Paolo Bacigalupi was recommended to me by one of the staff members at the Boulder Bookstore, and I'm intensely glad he told me about. The Windup Girl is one of the best science fiction stories I've read in years; in fact, I'd say it's the best science fiction story to come out in the last five to ten years.
Oil is a thing of the past and the genetic engineering companies have won. Set in Southeast Asia in the not-very-distant future, calories are the new fuel and corporate espionage is linked to finding and creating variant strains of food, animals, and even people. Bacigalupi expertly weaves seemingly disparate threads into a rich tapestry that crackles with a tension and electricity that surfaces with whip-crack intensity before its end.
Emiko is one of the New People, a genetically engineered creature designed and intended to serve and pleasure "real" humans at a whim. Anderson Lake is a "calorie man," an employee of one of the major genetic engineering corporations with machinations and plans that will bring him out of the spring factory he currently runs and into the upper echelons of his employer. Emiko finds herself drawn into Lake's world and at the center of warring political factions in Thai society that threaten to rip apart the Thai Kingdom forever. Racism, abuse, corruption, loyalty, and the question of what defines humanity all play central roles in this tale that echoes the tone of some of the best works in science fiction, including William Gibson's Neuromancer and Frank Herbert's Dune with elements of Blade Runner tossed in for good measure.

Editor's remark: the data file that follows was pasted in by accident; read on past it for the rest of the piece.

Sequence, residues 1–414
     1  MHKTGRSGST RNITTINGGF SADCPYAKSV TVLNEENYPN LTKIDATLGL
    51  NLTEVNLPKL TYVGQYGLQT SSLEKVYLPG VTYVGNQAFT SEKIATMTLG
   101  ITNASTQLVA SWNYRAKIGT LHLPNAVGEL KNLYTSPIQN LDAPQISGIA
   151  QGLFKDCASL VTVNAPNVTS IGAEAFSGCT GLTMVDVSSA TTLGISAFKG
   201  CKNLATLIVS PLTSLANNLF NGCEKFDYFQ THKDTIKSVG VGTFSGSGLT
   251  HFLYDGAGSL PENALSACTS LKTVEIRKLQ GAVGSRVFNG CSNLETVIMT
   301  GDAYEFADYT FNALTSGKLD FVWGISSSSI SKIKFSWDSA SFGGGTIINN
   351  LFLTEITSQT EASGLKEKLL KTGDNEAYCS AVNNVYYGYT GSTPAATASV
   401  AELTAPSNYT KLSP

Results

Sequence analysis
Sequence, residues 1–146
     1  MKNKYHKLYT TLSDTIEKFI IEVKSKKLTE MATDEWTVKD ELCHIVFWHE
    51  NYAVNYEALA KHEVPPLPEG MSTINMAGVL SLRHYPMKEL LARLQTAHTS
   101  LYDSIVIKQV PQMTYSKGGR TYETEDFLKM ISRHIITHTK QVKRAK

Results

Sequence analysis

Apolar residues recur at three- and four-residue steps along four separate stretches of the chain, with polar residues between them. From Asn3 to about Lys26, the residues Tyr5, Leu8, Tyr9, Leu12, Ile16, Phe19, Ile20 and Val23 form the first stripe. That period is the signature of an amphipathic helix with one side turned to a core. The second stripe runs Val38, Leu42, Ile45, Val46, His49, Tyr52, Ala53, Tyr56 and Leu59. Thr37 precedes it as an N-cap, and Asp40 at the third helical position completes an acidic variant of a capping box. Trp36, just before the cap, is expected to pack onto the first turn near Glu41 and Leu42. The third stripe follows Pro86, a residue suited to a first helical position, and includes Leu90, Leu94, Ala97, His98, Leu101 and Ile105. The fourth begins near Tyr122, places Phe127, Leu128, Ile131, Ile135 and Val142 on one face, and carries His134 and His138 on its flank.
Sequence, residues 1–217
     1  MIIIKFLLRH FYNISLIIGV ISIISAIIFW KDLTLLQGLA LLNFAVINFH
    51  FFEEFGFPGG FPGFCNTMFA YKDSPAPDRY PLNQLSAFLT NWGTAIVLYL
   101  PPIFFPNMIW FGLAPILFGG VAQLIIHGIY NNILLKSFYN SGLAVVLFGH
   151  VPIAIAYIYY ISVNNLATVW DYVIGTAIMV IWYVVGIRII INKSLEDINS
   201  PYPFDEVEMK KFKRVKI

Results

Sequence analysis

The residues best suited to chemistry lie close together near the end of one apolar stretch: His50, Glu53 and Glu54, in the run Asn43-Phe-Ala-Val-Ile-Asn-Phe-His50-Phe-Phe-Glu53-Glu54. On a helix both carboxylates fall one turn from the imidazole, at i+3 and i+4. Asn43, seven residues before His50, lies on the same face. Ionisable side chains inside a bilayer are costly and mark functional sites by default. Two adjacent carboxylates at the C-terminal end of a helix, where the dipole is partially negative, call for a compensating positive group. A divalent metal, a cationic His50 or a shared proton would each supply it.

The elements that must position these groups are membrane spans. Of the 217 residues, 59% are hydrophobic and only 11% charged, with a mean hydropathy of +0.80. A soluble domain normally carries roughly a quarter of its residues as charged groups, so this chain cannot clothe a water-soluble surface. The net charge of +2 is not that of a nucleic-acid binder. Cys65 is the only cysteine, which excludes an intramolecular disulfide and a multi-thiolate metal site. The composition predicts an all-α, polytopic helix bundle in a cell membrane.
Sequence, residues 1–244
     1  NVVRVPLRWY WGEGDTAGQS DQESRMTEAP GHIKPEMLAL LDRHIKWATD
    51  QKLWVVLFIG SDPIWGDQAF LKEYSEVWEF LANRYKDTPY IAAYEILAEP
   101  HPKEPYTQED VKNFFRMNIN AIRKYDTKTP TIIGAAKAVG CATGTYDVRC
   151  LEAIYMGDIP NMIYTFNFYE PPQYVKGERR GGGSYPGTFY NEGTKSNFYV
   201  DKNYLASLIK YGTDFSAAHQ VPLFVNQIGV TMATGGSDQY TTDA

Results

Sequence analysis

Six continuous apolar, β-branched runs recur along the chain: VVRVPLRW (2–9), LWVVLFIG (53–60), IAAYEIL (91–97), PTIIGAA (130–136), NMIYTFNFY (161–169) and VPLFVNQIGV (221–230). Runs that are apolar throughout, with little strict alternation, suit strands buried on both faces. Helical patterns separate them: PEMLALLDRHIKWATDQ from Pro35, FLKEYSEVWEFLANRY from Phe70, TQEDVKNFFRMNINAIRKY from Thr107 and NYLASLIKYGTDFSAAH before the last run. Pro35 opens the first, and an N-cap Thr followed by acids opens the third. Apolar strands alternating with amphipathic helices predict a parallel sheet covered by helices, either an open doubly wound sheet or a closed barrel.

Bacigalupi's writing and vision possess a potency that has been lacking in science fiction of late. The Windup Girl is a story that pulls you in from the start and completely envelops the reader in its world until the last word on the last page. From Night Shade Books and available from your local, independent bookseller (shop local, shop independent...it makes a difference!)